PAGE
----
“Yes, you need something, a talisman. Experience has shown it’s required. Its mana binds the traveler to the material world. Jenny has her squirter, for example.” And I have nothing, Winaretta says to herself.

Winaretta may have been born on Mars. Her memory has been tampered with, and she feels like a rolling stone. Anyway, when she goes to the superworld she concentrates on the lips that touch and give her unity. Still she would have liked to have a cuddly toy and be able to remember.

“Here, take the book. After all, it is in the natural course of things that it return to the... to a director of the Finance Department.”

“Why?”

“It comes from the Banca Nella Figa’s treasure. Have you heard of it?”

Stuart is startled at this. He feels exposed. The CosmiGirls are warriors and artists, they are not interested in money. Winaretta must know something about the personal fund transfers he has been making with help from La Figa. Do they want their share of the pie? What if JayBeeh has come to know about this by way of the presidency?

“The business bank? Yes, Jenny bought it a long time ago, on Earth, when she was director of Worldwide Credit.”

“She stole the treasure when she left Earth for the first laboratories, when the going got tough. You can say it, we all know this.”

“I didn’t say anything.”

“The book describes some sort of financial hypostasis consistent with Plotinus’ cosmology as the Byzantine philosopher Gemistus Pletho taught it in his lectures at the council of Florence. It was written by Cristoforo Marsupilami, a poet, humanist and bank manager. It is dedicated to the Prince Cosmo de’ Medici. Cosmo happened to be the owner of La Figa and the founder of the neo-Platonic academy. You see, here conspires with there.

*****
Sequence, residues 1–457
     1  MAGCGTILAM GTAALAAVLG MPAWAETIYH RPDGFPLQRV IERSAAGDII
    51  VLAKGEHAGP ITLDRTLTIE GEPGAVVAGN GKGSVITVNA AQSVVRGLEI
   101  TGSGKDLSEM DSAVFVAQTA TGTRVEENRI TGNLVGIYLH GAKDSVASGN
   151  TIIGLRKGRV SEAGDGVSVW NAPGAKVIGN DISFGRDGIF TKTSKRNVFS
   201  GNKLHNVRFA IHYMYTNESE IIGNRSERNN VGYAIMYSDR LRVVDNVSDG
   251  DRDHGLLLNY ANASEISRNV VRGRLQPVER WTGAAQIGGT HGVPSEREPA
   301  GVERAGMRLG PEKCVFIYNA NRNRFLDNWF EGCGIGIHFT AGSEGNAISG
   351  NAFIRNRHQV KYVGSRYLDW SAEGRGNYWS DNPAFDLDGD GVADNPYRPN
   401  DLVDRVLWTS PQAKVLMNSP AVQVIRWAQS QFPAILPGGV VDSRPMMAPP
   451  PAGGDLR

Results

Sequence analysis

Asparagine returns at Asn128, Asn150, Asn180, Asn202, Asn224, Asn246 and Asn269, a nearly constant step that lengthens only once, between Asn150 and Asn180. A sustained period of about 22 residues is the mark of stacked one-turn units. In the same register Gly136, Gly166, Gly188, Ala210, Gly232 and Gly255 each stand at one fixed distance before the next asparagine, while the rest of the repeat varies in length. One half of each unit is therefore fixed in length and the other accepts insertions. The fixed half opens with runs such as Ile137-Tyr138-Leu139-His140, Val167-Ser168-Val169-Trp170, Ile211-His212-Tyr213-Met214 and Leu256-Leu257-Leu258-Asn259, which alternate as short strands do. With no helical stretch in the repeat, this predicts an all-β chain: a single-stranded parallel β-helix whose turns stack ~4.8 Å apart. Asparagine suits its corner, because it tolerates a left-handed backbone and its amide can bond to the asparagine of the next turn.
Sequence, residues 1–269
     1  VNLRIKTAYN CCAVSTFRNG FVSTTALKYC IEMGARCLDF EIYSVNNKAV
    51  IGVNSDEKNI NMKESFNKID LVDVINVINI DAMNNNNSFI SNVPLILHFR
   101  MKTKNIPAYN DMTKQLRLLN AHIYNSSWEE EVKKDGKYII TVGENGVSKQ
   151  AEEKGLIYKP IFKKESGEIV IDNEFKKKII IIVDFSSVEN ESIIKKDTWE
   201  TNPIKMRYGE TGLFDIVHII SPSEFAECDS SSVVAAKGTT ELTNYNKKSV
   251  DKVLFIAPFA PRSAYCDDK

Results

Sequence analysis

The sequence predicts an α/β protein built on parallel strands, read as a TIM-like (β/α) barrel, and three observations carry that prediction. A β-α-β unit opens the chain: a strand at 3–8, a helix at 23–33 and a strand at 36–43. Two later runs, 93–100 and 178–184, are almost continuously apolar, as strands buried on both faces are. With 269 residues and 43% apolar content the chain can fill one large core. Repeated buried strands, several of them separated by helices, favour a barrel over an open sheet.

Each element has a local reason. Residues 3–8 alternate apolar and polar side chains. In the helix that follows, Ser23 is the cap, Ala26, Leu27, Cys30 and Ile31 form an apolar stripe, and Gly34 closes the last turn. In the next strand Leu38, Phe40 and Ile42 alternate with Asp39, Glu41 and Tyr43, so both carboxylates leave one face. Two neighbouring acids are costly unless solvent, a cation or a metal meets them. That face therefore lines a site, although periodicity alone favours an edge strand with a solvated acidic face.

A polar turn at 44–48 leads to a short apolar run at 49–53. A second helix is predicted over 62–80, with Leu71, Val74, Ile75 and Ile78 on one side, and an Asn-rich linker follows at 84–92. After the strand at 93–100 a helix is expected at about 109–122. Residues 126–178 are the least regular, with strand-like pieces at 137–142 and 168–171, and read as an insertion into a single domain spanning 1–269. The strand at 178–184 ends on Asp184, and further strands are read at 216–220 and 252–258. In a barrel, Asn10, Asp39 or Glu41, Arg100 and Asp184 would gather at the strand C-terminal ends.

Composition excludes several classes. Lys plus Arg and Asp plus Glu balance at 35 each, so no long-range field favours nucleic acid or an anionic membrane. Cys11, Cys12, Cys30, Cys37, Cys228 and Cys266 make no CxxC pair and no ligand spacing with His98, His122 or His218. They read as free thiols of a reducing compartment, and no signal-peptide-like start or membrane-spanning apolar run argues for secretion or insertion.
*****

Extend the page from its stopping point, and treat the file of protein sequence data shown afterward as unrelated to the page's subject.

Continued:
“And that’s not all: another book deals with a loan granted by Marsupilami to Verrocchio’s workshop to finance the development of a mathematical machine. Another talks about the journey of a factor sent to scout another world: it is said never to have returned.

“To tell the truth, it’s when I saw you in the garden that everything came together for me: the colophon’s formulas look like what I had seen. They’re probably some sort of key. It would be fun if we could get through with that, especially if you are the first to enter....” She laughs.

“What are you talking about?!”

“What are you talking about...?” She makes a face; she is mocking him.

She knows! What trap have I got myself into?!

A mutant ape is watching the psycho-pump’s batteries. He lights up a cigarette on the immediate Web. An incandescent node forms instantaneously when he thinks of the gesture.

Winaretta activates the commands as she speaks. In this more recent version of the system, an inverse multiplexor has replaced the catapult.

Stuart Surof has a panic movement when he feels the inversion of all the forces that are holding him, those he knows, those he recognizes and those he doesn’t know at all.

No, he doesn’t know them at all! He flaps his arms and legs. He tries to grip an armrest, but there is none. A subtle principle seems to escape from each particle of his body. But he quickly notes that this sensation is painless. It’s almost agreeable, almost too agreeable. Nothing escapes that he is not instantly aware of.

Then the young ex-director catches his breath. He looks from above at Winaretta, who is breathing faster, her grey breasts rise when she inhales. Then she moves away from him, as if nailed at the bottom of a well of light in which he would rise. Stuart is familiar with the techno-biological revolutions that are, after all, Cosmitic’s business. But, this time, he doesn’t understand anything. He needs to take a leak.

“I can feel your questions, Stuart,” the cyborg says, invisible, as if she was talking from inside him.

“What is this?!” This is psychotropic stuff, for sure!